For switching mode converters, a good PCB layout is essential for optimal system performance.
If the PCB is improperly designed, the following consequences may be caused: too much noise will be generated on the control circuit and the stability of the system will be affected;
Excessive loss on PCB trace line will affect system efficiency.
Too much electromagnetic interference will affect the compatibility of the system.
ZXLD1370 is a multi-topology switching mode LED drive controller, with external switching devices embedded in each different topology.
The LED drive is suitable for step-down, step-up or step-down mode.
This paper will take ZXLD1370 device as an example to discuss the considerations of PCB design and provide relevant Suggestions.
Consider the trace width
For switching mode power circuits, the main switches and associated power devices carry large currents.
The trace lines used to connect these devices have resistance associated with their thickness, width and length.
The heat generated by the current flowing through the trace not only reduces the efficiency, but also increases the temperature of the trace.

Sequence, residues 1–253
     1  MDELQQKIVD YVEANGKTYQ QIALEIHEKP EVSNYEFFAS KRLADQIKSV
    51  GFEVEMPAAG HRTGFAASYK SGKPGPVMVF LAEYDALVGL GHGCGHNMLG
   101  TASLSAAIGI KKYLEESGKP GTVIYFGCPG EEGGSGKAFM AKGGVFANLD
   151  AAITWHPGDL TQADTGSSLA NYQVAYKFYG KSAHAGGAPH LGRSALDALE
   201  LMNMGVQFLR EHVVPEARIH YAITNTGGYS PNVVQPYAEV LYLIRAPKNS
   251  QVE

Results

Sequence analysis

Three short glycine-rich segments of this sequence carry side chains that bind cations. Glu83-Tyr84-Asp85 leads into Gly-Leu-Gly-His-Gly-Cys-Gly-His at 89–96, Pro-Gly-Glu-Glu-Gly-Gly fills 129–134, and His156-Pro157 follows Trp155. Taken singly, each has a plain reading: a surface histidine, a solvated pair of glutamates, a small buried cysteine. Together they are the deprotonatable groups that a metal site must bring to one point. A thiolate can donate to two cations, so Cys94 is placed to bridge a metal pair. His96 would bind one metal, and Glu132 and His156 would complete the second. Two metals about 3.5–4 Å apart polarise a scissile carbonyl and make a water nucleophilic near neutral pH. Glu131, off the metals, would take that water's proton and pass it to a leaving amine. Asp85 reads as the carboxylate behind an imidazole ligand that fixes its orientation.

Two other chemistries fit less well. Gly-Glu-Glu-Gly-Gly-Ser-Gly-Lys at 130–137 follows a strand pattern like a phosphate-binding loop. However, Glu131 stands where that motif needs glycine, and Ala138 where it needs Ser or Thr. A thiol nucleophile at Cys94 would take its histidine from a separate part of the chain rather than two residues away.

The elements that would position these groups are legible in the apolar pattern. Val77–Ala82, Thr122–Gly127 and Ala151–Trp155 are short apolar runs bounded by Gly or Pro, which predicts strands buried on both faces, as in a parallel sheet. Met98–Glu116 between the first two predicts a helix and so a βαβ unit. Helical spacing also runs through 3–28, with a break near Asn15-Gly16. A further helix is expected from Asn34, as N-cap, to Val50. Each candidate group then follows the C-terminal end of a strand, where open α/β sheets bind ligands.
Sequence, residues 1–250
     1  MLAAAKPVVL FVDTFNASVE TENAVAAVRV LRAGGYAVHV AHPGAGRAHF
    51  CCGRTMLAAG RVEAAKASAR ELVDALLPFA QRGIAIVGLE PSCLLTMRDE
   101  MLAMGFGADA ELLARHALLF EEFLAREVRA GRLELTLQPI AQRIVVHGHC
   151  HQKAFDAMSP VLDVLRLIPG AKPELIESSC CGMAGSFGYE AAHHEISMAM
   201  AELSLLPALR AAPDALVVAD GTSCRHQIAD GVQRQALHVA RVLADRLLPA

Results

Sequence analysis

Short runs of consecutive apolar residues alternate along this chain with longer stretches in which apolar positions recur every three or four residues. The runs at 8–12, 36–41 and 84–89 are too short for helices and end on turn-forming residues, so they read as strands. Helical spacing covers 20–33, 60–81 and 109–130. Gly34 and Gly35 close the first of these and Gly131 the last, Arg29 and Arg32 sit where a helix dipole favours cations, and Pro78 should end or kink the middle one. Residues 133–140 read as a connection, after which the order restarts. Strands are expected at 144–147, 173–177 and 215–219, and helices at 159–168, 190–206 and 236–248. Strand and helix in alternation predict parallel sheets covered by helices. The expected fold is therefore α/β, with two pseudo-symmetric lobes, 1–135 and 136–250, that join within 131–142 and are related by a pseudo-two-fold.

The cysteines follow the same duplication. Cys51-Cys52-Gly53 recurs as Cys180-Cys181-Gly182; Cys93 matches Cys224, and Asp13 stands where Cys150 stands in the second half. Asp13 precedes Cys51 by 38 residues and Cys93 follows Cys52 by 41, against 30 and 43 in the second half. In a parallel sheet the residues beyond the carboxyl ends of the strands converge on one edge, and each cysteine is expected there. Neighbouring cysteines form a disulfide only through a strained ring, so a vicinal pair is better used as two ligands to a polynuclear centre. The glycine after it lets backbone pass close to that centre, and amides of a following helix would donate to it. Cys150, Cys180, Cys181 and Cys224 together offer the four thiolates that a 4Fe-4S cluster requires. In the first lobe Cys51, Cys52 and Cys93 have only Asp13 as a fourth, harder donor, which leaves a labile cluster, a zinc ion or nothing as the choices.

To limit the temperature rise, it is important to ensure that the trace width is wide enough to handle the rated switching current.
The following equation shows the relationship between temperature rise and cross - sectional area of trace line.
Internal trace: I=0.024 * dT0.44 * A0.725
External trace: I=0.048 * dT0.444 * A0.725
Where: I= maximum current (A);
DT = is higher than the environment temperature (℃);
A= cross-sectional area (mil2).
Table 1 shows the minimum trace width of relative current capacity.
This is based on the statistical results of 1oz/ft2 (35 degrees Celsius) copper foil at a temperature of 20oC.
For switching mode power converters designed with tabbed devices, the copper surface on the PCB can also be used as a radiator of power devices.
The temperature rise of the trace due to conduction current should be minimized.
It is recommended to limit the temperature rise of trace line to below 5oC.
Table 2 shows the minimum trace width of relative current capacity.
This is based on the statistical results of 1oz/ft2 (35 degrees Celsius) copper foil at a 5oC increase in trace temperature.